Just this morning, I found a picture of my Lambretta, a 1965 TV 175, sandwiched between the pages of an old Scootering magazine from 1995. It was the first picture I took of my baby blue pride and joy. Facing away from me in some non-descript alley in Chicago, it looked like a child waiting for its parent to embrace them after being alone too long. Instantly, it brought me back to those early days of my scootering involvement, with memories cascading around me like so many pints of spilled Guinness.
I distinctly remember Moe selling me a kick start gear for that Lammy and looking over my 1956 Lambretta LD and 1974 Vespa Super 150, crowded together in my living room, where most people would have furniture. Then we installed the gear, with the scooter on its side on a milk crate in the kitchen of my tiny Hillside, IL apartment, with case oil running among the cracks of the tiles, which never came out of the grout. But my landlord, a Harley-ridin’ leather-vest-no-t-shirt-wearin’ tough guy, didn’t care much. He just thought they were pretty funny machines. His miles of chrome seemed funny to me too, as was his 50-year-old engine design and really bad hair plugs spaced about an inch apart in a DeNiro-slicked back pompadour that just highlighted the space between the plugs.
Months later, I spent an evening laughing with a very drunken Andy Miller during the first club meeting I attended, the night we solidified the name “Second to Last.”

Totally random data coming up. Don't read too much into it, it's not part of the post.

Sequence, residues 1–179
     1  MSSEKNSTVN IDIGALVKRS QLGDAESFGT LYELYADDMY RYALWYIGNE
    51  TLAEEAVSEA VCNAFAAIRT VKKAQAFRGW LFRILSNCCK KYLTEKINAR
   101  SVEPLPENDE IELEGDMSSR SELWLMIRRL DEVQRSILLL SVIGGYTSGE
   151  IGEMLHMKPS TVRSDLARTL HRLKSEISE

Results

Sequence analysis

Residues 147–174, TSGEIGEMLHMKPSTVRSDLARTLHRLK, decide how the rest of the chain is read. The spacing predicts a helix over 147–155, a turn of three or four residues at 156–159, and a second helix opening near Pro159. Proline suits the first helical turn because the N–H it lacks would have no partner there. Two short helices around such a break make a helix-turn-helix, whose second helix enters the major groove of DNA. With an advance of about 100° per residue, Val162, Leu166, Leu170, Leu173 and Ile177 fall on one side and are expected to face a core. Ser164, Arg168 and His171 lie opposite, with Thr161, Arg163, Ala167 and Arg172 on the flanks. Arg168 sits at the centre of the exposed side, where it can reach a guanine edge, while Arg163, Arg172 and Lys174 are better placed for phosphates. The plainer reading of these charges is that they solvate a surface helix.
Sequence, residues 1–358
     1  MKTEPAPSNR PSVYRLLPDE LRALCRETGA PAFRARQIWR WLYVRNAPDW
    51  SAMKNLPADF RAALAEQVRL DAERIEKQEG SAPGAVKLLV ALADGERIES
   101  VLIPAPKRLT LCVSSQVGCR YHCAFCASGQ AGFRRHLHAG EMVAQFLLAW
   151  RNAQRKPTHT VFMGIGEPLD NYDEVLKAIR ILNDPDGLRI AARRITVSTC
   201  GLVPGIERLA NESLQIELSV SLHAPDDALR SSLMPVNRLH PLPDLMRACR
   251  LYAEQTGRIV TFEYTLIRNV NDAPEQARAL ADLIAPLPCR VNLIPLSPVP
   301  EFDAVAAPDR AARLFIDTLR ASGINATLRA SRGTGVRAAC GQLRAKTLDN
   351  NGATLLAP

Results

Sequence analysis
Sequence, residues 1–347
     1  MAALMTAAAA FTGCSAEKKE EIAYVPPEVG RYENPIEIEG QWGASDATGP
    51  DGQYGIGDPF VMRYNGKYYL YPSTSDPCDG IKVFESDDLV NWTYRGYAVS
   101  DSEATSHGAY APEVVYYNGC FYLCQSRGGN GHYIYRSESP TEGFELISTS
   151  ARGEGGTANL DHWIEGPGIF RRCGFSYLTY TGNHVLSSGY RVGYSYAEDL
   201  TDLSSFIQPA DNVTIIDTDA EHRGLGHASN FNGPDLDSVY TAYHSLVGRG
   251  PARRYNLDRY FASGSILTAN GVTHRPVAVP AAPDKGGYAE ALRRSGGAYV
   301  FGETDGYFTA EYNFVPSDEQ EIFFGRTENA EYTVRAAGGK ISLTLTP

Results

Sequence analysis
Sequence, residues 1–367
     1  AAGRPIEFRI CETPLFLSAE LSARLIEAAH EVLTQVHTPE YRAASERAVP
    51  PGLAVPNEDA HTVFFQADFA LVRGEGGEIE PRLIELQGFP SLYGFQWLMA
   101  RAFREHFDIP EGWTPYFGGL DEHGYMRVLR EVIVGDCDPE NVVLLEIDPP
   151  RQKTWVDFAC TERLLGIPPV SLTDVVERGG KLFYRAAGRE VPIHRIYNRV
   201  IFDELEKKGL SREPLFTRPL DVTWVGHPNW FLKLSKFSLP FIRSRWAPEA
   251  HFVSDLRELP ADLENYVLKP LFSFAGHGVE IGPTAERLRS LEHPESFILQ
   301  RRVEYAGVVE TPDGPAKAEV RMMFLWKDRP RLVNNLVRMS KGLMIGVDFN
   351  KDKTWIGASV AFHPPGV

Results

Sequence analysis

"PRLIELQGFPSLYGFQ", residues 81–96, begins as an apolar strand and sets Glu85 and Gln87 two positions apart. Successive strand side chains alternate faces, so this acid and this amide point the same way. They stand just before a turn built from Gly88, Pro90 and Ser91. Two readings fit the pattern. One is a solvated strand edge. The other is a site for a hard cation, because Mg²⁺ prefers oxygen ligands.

That feeling of excitement and apprehension was unparalleled. I didn’t know what to expect. I didn’t know the members of the club except in passing at the Holiday Club’s “Mod Mondays” or at the Ace CafÃ©, where we would swap scooter stories between drinks or drinks between scooter stories, whichever you prefer. I had just called my rather unimpressive music career to a halt, planning to move to Seattle, back to my hometown where the weather and downtown life seemed more like “home” than any of my other numerous stops in places like Berkeley, CA, Apply Valley, MN, or even at that point, Chicago. I needed that comfort that a hometown provides and found it in a scooter club.
This year at Soldier Field, I had that same sense of “something coming to an end,” much like my poor musical career, full of bands that became successful after I left them. Not that the boys didn’t try hard and give the season their all, but in retrospect, it felt like we were on the verge of a transition. It was if we had too much success in a league where there wasn’t a lot to be had and needed more than a rebuilding. We needed a new philosophy and a new motivation. Winning became hard work for our Fire.
The Fire had shipped off a number of our key players to other teams over seas and our prospects were maturing at impressive rates, destined for things greater than MLS. Midfielder DaMarcus Beasley went to PSV Eindhoven of the Dutch Eredivisie in July. Defender Carlos Bocanegra went to Fulham in the EPL in the off season. Goalkeeper DJ Countess, while he didn’t see much playing time with the Fire in 2004, is certainly on his way to international fame once his Nike Project 40 status has matured.